So ToastMasters feels a bit like a high school speech and debate club: a lot of setting of agendas, calling to order, speaking in turns for timed segments, and clapping politely.
And, of course, roles up the yin-yang: president, VP of membership, treasurer, secretary, sergeant-at-arms, grammarian, timer, ah-counter, evaluators, and the ToastMaster itself (the emcee role rotated weekly).
Table Topics are probably the most interest bit. The emcee prepares half a dozen or so questions in advance, and as each question is announced immediately picks a speaker out of the audience – either a volunteer or at random – to expound for 1-2 min off the cuff. Being short and improvised brings a challenge, spontaneity and excitement lacking in the formal prepared speeches. It’s a great way to stand out as a public speaker; accordingly, I’ve volunteered for a TT speech 5 sessions in a row now.
Still, at 2 hours per session with 2-3 formal speeches running 5-7 min each, half by Koreans whose explicit goal of membership is to simply improve their English, and almost all content falling under either empty canned rhetoric or a slideshow of their most recent vacation, the 1-2 min in the spotlight would probably not sustain my interest in participating in TM.
Were it not for second round, that is.
Second round, or 이차 (“ii-chah”), is the Korean term for the second venue you hit when going bar-hopping. For TM, it’s the afterparty at the local bulgogi house or izakaya-style gastropub: lotsa food unhealthy food washed down with less healthy beer.
And great, great, great conversation.
Last week’s 이차 was where I learned about the Seoul Global Center, the one-stop shop for all my expat needs. This week, as usual, I was asked what I’m doing in Seoul and proceeded to outline my business plan.
Once again was told it’s a great idea but might be hard to generate any revenue.
I was ready for that: the first year will be just about building up a popular base of users by distributing the software for free. And supplementing my income by teaching English just exposes me to more foreigners, who can in turn spread word of mouth.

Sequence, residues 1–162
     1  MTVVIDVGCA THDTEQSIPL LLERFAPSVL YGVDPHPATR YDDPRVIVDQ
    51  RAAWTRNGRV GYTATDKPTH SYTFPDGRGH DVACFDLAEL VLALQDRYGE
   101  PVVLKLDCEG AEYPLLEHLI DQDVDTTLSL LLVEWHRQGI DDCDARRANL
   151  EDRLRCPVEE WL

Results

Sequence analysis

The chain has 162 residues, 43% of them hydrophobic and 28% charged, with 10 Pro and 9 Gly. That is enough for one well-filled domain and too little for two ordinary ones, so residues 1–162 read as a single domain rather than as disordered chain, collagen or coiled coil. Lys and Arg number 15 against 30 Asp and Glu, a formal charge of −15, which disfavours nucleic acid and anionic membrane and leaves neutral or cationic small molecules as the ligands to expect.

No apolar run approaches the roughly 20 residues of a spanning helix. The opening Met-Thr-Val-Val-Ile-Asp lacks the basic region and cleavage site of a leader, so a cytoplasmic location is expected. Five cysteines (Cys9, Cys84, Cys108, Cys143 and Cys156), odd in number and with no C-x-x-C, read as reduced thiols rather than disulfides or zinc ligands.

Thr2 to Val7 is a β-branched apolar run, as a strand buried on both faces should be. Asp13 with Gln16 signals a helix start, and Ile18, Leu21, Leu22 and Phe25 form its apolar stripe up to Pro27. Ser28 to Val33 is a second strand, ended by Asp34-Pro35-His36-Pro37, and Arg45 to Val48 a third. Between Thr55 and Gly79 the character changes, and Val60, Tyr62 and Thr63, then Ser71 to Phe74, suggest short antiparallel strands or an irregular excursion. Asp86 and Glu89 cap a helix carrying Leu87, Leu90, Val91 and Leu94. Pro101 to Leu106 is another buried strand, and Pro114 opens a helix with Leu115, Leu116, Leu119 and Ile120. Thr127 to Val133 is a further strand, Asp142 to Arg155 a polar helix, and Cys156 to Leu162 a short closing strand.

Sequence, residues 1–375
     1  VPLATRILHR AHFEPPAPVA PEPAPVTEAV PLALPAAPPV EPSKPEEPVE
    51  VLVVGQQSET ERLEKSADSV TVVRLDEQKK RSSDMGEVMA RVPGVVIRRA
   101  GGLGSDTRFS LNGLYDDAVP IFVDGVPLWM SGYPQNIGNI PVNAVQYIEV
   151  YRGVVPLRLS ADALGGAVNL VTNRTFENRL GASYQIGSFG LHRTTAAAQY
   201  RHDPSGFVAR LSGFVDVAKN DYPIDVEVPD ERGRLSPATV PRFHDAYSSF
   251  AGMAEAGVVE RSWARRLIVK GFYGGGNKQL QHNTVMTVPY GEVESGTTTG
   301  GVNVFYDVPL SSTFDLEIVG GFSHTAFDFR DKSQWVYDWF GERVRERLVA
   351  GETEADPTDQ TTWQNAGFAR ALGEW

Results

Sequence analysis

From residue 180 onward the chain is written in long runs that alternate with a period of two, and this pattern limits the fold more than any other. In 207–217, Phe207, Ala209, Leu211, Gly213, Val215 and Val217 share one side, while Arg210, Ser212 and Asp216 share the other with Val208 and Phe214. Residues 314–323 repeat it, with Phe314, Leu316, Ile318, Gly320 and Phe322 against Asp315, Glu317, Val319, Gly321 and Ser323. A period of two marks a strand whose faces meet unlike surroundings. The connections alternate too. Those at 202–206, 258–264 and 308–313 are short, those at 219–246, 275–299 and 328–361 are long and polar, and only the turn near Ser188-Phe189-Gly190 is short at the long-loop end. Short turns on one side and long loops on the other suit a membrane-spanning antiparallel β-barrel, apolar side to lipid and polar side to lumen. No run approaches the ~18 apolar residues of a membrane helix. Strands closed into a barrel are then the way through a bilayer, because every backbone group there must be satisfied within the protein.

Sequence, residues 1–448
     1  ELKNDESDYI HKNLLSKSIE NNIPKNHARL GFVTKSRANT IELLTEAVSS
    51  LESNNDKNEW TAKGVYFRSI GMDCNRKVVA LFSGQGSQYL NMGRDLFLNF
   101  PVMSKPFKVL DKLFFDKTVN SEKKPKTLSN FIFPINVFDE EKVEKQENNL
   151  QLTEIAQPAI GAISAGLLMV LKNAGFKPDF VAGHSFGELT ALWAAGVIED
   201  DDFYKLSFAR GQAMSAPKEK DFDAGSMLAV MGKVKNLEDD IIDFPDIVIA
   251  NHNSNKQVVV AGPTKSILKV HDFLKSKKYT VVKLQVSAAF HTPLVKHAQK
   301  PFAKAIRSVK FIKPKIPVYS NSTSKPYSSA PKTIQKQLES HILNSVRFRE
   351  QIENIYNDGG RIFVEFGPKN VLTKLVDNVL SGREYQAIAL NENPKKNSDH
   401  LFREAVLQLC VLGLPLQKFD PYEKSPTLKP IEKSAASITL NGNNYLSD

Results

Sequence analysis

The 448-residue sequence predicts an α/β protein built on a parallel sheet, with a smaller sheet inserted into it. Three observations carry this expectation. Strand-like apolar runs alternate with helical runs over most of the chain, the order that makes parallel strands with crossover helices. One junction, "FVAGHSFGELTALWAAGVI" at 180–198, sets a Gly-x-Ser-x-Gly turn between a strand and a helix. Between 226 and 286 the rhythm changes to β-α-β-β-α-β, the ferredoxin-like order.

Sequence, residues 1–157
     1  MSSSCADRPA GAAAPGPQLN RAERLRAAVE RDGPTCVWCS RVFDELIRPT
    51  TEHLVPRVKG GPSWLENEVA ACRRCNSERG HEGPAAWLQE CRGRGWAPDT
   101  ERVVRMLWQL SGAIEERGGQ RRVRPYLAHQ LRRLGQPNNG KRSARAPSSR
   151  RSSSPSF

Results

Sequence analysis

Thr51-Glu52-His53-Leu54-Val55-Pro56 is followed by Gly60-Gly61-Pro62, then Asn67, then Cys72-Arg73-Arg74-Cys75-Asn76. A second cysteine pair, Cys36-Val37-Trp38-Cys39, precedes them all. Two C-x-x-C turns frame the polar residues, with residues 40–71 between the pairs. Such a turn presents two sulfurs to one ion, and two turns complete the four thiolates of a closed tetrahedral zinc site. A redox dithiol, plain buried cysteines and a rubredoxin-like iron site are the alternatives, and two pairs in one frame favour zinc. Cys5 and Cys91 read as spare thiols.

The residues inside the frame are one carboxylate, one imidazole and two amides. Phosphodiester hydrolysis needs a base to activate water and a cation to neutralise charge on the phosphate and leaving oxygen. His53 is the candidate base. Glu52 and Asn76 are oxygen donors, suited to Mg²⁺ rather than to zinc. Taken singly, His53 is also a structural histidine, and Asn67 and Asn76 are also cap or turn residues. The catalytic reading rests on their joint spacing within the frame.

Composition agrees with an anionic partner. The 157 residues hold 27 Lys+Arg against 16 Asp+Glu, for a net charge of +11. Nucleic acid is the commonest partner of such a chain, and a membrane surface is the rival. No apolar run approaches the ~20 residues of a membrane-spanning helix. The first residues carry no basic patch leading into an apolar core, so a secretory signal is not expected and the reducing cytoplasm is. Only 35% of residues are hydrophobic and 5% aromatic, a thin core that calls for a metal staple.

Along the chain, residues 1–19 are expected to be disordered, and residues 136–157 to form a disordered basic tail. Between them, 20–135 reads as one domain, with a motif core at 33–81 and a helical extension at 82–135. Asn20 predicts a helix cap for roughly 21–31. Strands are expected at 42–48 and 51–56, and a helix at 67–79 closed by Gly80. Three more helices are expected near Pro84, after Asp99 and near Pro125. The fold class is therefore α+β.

Then he warned me how the government is really rigid and insists that the current standard is the best way to do spelling.
I was ready for that, too: buy-in from large institutions like universities (for language instruction), municipalities (for street and subway signs), and Samsung (for OS-level Android integration) won’t happen until I’ve built up a popular following, hence the initial focus on free browser, smartphone, and karaoke integration. Starting at the grassroots level, and then working my way from the bottom up the power chain.
Finally, he told me that I should be prepared for Samsung to rip off my software because they’re unethical in business and corrupt in politics.
I wasn’t ready for that.
Turns out a significant chunk of the Korean population dislikes Samsung. What’s amazing is how much of the criticism echoes narratives we’ve heard before in the US, but never concentrated in one company. Supposedly it is:
- the only Korean company exempt from labor unions, resulting in deadly toxic factory conditions (Apple)
- controlled by a single family that keeps governance opaque (Wal-Mart)
- founded by a bootlegger who sold goods from the US Army base on the black market (the Kennedys)
- protected from any criticism by the Chosun Ilbo (조선일보), Korea’s #1 newspaper (Fox News Channel)
- has its hands deep in the pockets of most politicians and judges (Halliburton)
God bless America. At least we keep our corruption in separate silos.